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Freedom by Phil Silk

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PostPosted: Sun Jun 16, 2019 3:54 pm    Post subject: Freedom by Phil Silk Reply with quote

Freedom and Responsibility
By Rev Phil Silk


Here in this house of the spirit, may we be gathered to transcend our cares through communion with life's nobler things; to find restoration for what daily assails the best in us, tempting us to forsake the best, and thus, ourselves; to renew our valor for living a life which needs more courage than we have; to recreate in ourselves, through association with kindred souls, a new resolve to be what we have never been before. To this house of the spirit we come today, to rededicate ourselves to the things that matter most.

As we light the chalice today, let us think about that most wonderful yet often misunderstood concept, 'freedom'. May the flame of freedom burn within us.


How appropriate it is to reconsider one of our favourite values, freedom. “Freedom, Reason and Tolerance”, we proclaim. Our historic toast is to “Civil a Religious Freedom”. We promote unity in diversity and practise freedom of the pulpit combined with freedom of the pew. This week we were celebrating the 75th anniversary of D Day, which led to the liberation of much of Europe. And next weekend we shall be joining in Stoke Pride Day, honouring gender diversity and the freedom to love wherever the heart leads us.

Nonetheless, sometimes it seems to me that people forget that there is no such thing as 'complete freedom.' There are costs and limits. We need more attention to the responsible provision of freedom and the responsible use of it, as well.

Today I shall share the way some other people have dealt with the subject as well as more words of my own.


1. “Go Down Moses”When Israel was in Egypt's land,/Let my people go./Oppressed so hard they could not stand, /Let my people go!/ Go down Moses, /Way down in Egypt's land:/ Tell old pharaoh/To let my people go!
“Thus saith the Lord,” bold Moses said: Let my people go./ If not I'll smite your first-born dead,” /Let my people go!,/ Go down, Moses, /Way down in Egypt's land:/ Tell old pharoah,/To let my people go!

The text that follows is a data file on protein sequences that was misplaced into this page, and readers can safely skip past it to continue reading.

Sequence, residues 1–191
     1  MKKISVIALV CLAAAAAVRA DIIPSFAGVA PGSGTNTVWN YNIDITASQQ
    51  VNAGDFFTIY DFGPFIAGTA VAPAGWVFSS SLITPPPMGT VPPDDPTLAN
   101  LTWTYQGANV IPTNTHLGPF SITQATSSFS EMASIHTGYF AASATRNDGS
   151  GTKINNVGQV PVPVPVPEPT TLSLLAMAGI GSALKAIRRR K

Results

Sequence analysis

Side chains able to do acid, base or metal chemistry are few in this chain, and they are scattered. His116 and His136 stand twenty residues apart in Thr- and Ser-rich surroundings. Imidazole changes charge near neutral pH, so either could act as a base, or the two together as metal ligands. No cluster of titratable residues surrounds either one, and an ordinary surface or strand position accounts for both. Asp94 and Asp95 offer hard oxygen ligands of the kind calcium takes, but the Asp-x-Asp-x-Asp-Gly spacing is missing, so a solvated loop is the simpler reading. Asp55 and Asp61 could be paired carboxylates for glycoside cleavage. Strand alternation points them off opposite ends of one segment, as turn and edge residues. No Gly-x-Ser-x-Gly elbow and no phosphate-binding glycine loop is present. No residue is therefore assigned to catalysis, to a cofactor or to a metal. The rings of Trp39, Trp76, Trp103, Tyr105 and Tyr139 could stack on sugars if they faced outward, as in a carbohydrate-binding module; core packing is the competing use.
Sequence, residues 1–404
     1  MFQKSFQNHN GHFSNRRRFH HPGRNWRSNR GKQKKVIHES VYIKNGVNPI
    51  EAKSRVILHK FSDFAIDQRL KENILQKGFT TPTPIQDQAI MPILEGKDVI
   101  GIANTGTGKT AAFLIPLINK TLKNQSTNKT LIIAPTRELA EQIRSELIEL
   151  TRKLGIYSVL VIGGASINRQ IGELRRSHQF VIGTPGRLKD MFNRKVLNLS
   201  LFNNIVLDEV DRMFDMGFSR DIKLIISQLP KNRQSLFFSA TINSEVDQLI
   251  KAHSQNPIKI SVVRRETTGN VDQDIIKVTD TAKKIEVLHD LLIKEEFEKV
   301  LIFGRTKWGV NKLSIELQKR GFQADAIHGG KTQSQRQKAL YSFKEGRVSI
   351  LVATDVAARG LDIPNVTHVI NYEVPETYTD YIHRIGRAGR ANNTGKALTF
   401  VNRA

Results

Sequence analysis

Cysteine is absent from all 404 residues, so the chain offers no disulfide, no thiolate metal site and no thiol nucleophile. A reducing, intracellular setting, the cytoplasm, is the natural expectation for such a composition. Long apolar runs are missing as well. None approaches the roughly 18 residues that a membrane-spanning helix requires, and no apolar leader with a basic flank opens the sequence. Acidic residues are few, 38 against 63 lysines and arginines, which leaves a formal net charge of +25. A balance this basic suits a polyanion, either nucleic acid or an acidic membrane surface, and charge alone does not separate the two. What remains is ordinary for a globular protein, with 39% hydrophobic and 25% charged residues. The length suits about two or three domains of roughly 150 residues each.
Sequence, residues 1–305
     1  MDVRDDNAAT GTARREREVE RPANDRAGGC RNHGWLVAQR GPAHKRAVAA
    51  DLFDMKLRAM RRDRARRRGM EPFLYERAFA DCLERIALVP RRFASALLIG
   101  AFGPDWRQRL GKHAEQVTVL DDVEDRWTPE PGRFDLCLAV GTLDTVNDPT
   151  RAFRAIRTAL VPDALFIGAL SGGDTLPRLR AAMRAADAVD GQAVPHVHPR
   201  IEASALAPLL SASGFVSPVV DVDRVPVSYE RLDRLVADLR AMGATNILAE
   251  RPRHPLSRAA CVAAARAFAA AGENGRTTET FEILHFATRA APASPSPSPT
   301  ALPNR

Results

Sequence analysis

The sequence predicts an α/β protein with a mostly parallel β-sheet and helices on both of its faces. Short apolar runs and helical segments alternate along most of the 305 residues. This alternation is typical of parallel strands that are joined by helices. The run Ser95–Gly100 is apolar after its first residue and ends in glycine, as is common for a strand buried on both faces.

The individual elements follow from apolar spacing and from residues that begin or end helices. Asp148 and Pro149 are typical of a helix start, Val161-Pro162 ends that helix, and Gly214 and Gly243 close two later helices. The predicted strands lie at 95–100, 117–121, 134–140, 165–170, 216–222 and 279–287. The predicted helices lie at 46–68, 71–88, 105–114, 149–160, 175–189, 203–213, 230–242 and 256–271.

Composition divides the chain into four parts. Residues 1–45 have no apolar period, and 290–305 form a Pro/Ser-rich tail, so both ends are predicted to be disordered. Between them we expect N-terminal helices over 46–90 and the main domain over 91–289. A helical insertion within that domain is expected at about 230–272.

No more bondage shall they toil,/Let my people go./Let the come out with Egypt's spoil,/Let my people go!./ Go down, Moses,/Way down in Egypt's land,/To let my people go!

2. The United Nations Hymn words by William Wolff

From ruins of war and plundered dreams of peace,/We now declare: “All hate and wars must cease!”/This be our aim, Our common bond,/United Nations,/One Brotherhood!

All hearts rejoice in peace and brotherhood,/Lift up your voice and stand as free-men should./ Break loose the chains of fear and tyranny,/Dare to proclaim the truth that set men free!

From all the lands and creed beneath the sun,/Ring out demands,/A world of Peace be won;/ Firm our resolve to hearken to the call –/One World at Peace,/United Nations all!

3. ”Liberation is Costly” by Desmond Tutu

Liberation is costly. Even after the Lord had delivered the Israelites from Egypt, they had to travel through the desert.

They had to bear the responsibilities and difficulties of freedom.
There was starvation and thirst and they kept complaining. They complained that their diet was monotonous. Many of them preferred the days of bondage and the fleshpots of Egypt.

We must remember that liberation is costly. It needs unity. We must hold hands and not be divided. We must be ready.

Some of us will not see the day of liberation physically. But those people will have contributed to the struggle.

Let us be united, let us be filled with hope, let us be those who respect one another.

RESPONSIVE READING “The Free Mind” William Ellery Channing

I call that mind free which masters the senses, and which recognises its own reality and greatness.


I call that mind free which zealously guards its intellectual rights and powers, which does not content itself with a passive hereditary faith;


I call that mind free which is not passively framed by outward circumstances, and is not the creature of accidental impulse:


I call that mind free which protects itself against the usurpations of society, and which does not cower to human opinion.


I call that mind free which resists the bondage of habit, which does not mechanically copy the past, or live on its old virtues.


I call that mind free which sets no bounds to its love, which, wherever they are seen, delights in virtue and sympathises with suffering.


I call that mind free which has cast off all fear but that of wrongdoing, and which no menace or peril can enthrall.


PRAYER (UMA p. 14, JR Clarke 2)

We are gathered here from many walks of life, and with varying needs, hopes and desires, to contemplate the larger meaning of life, to search for truth, and to seek to implement truth in our lives, individually and together. We would be quiet inwardly that we may hear better what other people are saying. Thus would we better understand the meaning of our lives and the duties and obligations that we owe to one another and to [life.] Since we have been endowed with the treasure of freedom, we would use it, not in pride and selfishness, but in humility and charity, never permitting the exercise of our freedom to be the occasion for injury to others. We have not been given the spirit of fear, but of power and love and of thoughtfulness: by these may we be opened toward what is true and good in all our concerns. Amen